Events Calendar

The Signs of Sex: The Making of a Public Sexual Culture in Nineteenth-Century Paris

Thursday, March 6, 2014 at 4:30pm to 6:30pm

Peters Hall, 104 50 North Professor Street, Oberlin, OH 44074

A talk by historian Andrew Ross of Kenyon College exploring the process by which female prostitutes and men who sought sex with other men produced a public sexual culture in 19th-century Paris. 

From the 1860s to the end of the century, police authorities, moralists, and city dwellers increasingly noticed the presence of female prostitutes and men who sought sex with other men in public space. This apparent increase of prostitution and male same-sex sexual activity occurred as traditional regulatory mechanisms designed to manage these sexual practices seemed to be breaking down. But it also coincided with the rise of new efforts to categorize disparate forms of public sexuality by doctors, moralists, and sexologists. The evident weakness of police authority led people to perceive more clearly than before the ways in which women and men signified their sexual availability as they entered the cafés, dance halls, and even public urinals that served as emblems of Paris's urban modernity. As people created, recognized, and misrecognized these signs, they participated in a "public sexual culture" that included far more than just those actually seeking sex in the city. Female prostitutes did not, therefore, constitute a closed caste or profession, nor did men seeking sex with other men simply construct a secretive subculture. Rather, as they sought out clients and partners, they actively produced a sexualized urban culture in which anyone could and did take part.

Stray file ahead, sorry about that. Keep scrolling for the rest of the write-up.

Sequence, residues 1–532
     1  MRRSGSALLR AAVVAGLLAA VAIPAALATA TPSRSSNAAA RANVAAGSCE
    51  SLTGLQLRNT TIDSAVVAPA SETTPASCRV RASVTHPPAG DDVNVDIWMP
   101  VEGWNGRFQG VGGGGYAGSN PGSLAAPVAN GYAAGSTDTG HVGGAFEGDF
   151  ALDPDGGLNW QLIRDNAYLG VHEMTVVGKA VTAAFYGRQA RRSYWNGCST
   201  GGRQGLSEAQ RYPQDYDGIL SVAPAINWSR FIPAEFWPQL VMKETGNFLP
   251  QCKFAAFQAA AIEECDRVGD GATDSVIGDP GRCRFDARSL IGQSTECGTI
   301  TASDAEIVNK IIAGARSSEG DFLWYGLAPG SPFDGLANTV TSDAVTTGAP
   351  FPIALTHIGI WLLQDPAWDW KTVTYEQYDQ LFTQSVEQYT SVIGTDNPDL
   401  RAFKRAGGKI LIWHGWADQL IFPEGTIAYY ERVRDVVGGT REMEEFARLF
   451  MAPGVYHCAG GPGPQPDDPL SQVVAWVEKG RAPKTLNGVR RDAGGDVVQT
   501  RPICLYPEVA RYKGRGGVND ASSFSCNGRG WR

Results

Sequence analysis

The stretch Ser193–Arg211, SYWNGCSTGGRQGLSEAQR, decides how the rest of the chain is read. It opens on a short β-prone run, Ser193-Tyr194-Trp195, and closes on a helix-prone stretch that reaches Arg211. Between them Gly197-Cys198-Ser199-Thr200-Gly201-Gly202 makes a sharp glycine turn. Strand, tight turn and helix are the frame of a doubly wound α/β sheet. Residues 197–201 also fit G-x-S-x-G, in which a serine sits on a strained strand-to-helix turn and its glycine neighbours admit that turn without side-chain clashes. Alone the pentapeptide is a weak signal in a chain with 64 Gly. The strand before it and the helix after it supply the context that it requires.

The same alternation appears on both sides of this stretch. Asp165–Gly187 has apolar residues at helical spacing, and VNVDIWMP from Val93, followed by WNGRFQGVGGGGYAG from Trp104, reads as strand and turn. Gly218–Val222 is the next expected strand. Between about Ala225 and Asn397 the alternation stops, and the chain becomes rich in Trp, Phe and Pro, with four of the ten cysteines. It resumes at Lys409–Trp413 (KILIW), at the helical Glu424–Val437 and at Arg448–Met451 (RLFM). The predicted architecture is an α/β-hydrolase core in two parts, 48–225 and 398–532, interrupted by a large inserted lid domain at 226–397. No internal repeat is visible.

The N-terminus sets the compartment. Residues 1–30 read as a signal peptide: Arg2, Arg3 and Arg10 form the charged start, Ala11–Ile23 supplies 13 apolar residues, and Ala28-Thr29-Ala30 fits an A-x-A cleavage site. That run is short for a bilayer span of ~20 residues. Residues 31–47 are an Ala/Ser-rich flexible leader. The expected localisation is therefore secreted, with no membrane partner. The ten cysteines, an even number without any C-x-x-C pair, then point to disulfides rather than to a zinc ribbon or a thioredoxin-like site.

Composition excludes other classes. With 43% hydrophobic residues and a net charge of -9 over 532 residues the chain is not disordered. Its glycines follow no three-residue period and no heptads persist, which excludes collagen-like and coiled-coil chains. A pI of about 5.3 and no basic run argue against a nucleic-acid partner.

Event Type

International/Cultural, Speakers, Discussions, Faculty Book Talks, Readings


Academic, French and Italian

Contact Person

Julie Kleinman

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